All the best portable table saws feature onboard storage for at least the accessories that come with it, freeing up your hands and saving you from making two trips.
Tilt Wheels and Elevation Wheels
These little wheels are used to shift your blade into the position you need. The tilt wheel is normally situated on the side of the table. It can tilt the blade anywhere up to 45° which is handy for bevelling.
The elevation wheel is usually found on the front side of the table and can be used to raise or lower the blade so you can achieve cuts of varying depths.
Dust Collection Port
A dust collection port is essentially a space in which you can fit a vacuum for collecting, not all, but most of the particulate matter is tossed about as you use your table saw.
A throat plate is simply a metal plate that surrounds the blade and prevents debris from clogging up the internal mechanisms of the saw. Sometimes referred to as table inserts, they’re removable to allow routine maintenance.
Let’s briefly discuss some of the handiest accessories you can buy to use with your portable table saw.
Crosscut Sled – Crosscut table saw sleds are used to accurately and consistently hold materials at 90° angles from the blade, making cross-cutting an absolute breeze.
Dado sets are particular kinds of circular saws that can cut wide grooves quickly in a singular pass. Not all table saws can accommodate dado sets, so it’s important you find out if the arbor has the capacity to carry them before buying any.
A featherboard is a device used to apply pressure to your working materials to keep them firmly in place against your table or fence as you cut.
Riving Knife or Splitter
A lot of people get confused about the difference between a riving knife and a splitter, but they’re essentially the same thing with slightly different functionality.
They both sit behind the blade and prevent the material from pinching in and gaining traction on the blade, causing kickback.
The only difference between them is that a splitter is fixed, while a riving knife stays equidistant from the blade as you raise and lower it. We recommend a riving knife over a traditional splitter.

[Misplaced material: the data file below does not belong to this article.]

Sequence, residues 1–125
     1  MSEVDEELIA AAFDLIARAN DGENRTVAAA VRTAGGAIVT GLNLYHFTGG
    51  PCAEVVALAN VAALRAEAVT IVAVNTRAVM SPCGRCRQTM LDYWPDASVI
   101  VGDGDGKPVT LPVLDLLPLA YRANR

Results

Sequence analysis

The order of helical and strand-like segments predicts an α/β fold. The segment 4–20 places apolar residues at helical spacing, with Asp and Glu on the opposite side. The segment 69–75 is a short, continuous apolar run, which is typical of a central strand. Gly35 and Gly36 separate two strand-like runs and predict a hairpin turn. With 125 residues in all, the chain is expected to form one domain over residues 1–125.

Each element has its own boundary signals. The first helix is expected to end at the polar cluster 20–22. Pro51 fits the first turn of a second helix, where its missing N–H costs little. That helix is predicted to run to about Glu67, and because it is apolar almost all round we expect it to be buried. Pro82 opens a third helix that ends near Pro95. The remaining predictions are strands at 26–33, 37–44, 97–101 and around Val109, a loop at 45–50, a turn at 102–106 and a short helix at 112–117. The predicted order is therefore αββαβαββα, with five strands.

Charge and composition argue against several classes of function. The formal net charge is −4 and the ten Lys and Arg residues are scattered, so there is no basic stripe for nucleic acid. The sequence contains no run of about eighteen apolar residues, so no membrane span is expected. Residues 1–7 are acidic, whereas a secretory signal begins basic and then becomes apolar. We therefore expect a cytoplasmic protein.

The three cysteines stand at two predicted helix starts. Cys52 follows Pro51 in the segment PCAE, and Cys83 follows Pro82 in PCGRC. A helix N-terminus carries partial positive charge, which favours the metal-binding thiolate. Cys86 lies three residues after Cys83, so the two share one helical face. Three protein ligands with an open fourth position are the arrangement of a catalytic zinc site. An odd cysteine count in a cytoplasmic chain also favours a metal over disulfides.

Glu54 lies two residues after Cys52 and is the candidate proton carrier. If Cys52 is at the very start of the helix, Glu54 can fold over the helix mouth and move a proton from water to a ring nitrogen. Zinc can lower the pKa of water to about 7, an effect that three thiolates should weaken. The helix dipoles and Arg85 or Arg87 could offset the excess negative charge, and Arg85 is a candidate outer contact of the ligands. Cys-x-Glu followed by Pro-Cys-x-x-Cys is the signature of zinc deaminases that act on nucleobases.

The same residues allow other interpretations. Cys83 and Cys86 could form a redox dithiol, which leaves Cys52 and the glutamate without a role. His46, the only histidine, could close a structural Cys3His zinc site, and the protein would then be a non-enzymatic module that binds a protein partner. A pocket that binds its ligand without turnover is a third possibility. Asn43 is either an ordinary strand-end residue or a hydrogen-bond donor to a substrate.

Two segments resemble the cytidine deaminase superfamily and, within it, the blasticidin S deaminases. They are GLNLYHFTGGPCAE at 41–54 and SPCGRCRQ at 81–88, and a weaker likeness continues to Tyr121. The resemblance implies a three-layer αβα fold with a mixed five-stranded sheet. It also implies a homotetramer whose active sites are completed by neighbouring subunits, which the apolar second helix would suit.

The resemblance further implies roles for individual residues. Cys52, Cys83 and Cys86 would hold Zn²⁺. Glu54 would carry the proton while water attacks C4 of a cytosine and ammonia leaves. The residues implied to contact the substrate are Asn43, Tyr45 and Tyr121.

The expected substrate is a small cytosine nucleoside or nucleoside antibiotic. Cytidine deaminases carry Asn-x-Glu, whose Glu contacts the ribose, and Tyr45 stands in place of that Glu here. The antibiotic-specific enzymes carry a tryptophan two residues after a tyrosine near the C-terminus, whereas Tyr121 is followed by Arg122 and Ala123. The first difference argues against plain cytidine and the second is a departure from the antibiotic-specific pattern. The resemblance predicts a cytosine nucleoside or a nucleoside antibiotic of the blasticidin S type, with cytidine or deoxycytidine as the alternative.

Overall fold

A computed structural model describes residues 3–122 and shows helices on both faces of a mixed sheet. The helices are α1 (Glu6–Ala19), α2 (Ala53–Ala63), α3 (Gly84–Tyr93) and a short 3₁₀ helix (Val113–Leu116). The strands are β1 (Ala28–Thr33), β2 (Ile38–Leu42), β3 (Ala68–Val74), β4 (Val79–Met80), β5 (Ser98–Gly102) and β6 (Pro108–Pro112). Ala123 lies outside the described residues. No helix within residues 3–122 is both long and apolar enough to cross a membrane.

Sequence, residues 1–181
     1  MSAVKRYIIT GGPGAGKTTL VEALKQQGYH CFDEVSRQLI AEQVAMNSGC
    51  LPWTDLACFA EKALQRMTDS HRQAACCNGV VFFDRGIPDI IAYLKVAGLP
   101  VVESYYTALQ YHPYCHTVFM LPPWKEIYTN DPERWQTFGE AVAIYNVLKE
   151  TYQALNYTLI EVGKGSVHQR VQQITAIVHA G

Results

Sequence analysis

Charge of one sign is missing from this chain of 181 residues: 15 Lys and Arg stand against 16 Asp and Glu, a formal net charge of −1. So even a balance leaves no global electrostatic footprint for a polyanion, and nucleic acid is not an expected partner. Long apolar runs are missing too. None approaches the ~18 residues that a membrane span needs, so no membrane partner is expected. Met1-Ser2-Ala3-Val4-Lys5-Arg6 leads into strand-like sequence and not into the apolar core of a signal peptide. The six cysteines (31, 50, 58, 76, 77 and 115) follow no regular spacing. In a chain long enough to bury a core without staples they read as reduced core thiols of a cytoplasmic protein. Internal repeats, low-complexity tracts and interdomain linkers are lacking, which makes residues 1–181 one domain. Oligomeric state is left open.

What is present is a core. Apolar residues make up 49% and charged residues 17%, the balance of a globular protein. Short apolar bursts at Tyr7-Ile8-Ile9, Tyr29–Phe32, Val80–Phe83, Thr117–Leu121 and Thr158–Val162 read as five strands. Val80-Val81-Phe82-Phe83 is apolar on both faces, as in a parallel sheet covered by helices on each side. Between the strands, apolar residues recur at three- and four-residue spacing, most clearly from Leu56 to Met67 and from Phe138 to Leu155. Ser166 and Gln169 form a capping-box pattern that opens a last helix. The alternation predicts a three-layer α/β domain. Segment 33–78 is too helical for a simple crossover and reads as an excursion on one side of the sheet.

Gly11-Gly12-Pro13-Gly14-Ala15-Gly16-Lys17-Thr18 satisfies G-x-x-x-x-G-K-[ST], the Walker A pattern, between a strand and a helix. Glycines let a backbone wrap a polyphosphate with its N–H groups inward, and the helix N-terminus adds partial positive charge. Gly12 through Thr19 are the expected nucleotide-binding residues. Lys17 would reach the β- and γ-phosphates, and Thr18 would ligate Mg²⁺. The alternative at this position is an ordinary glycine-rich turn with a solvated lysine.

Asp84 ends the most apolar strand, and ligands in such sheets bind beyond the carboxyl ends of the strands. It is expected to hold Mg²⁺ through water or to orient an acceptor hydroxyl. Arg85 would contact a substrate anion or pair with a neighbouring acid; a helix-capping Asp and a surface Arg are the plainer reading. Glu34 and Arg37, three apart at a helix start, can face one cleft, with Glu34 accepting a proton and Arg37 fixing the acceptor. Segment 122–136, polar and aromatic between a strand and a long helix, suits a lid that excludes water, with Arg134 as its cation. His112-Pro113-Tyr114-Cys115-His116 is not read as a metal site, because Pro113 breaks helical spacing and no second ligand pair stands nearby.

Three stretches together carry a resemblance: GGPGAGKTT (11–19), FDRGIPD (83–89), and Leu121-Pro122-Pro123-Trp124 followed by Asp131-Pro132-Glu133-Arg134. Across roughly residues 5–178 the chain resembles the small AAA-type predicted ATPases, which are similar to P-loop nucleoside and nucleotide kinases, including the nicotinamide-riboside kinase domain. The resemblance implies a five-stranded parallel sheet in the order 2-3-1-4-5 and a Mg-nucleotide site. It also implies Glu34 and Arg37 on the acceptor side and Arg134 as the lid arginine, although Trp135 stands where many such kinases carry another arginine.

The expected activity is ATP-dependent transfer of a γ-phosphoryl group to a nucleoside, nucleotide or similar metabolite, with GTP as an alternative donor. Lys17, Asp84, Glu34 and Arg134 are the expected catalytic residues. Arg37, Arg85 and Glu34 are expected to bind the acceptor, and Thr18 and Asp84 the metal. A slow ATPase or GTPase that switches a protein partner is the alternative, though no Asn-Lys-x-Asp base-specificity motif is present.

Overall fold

Spawls are essentially teeth that attach to your riving knife or splitter. Once material passes under them, it can’t return, protecting you from kickback.
A blade guard protects your fingers from the saw, prevents debris from shooting up into your face, and eliminates the chance of a material connecting with the blade accidentally.
Does exactly what it says on the tin. It pushes working material so you can keep at a safe distance from the blade.
A magnetic switch automatically shuts the saw down in the event of a power outage so it doesn’t unexpectedly start spinning when power returns.
Best Portable Table Saw FAQ.
What’s the Best Portable Table Saw?
Many things are subjective in this world, but the quality of table saws is not. If a saw is great, it’s objectively great, and we can say with confidence that the DEWALT DWE7491RS is the best portable table saw on the market at the minute.
What is the Best Compact Table Saw?
There are some amazing compact table saws about, but the best is undoubtedly the DEWALT DWE7485.
Can Table Saws Do Cross Cuts?
You can absolutely use a table saw for crosscutting. In fact, a lot of professional woodworkers favor a decent table saw, and miter gauge over a chop saw for their chop-cutting needs.
You do need to make sure you’re using the correct type of blade, though. Using a low tooth count rip-style blade will lead to an unacceptable amount of tear-out. It also helps to use a cross-cut sled.
Top Tip – Ditch the fence. They’ll cause kickbacks when cross-cutting.
What Table Saw Blade is Best for Ripping?
There are a few kinds of saws that are capable of ripping down-grain through wood, but the best blades for the job are quite particular. Multipurpose blades with lots of teeth, perhaps 40 or 50, can get the job done, but they’ll draw the task out a fair bit. The sweet spot for teeth is between 24 and 30.
A good ripping blade will also feature a flat top grind tooth pattern. This means that every tooth is ground completely flat with no bevelling whatsoever. Large gullets and a minimum tooth hook angle of 20° is preferable too.
This kind of blade will follow through the grain of a piece of wood with an incredibly high feed rate. They won’t provide the smoothest of cuts, but then again, you wouldn’t expect smooth from a blade known as a ripper.
There’s definitely some hot competition currently out there in the industry, but the DEWALT DWE7491RS is leagues beyond the rest.
It doesn’t have as many state-of-the-art features as some other portable table saws, but what it does offer is a performance refined to absolute perfection; no-nonsense, no fuss, just quality workmanship.
There you have it, folks. These are five of the very best table saws you can buy for portability, each special in its own right, ready and waiting to make your working and DIY life easier.
Table saws are indispensable to the modern construction industry. It’s no understatement that the portable products we’ve discussed here today are heavily responsible for building the world around you.
They can be tricky to shop for, but as long as you heed some of the advice and information in our buyer’s guide, you too can have a hand in acts as small as, say, making some shelves for your study, or as big as altering a landscape.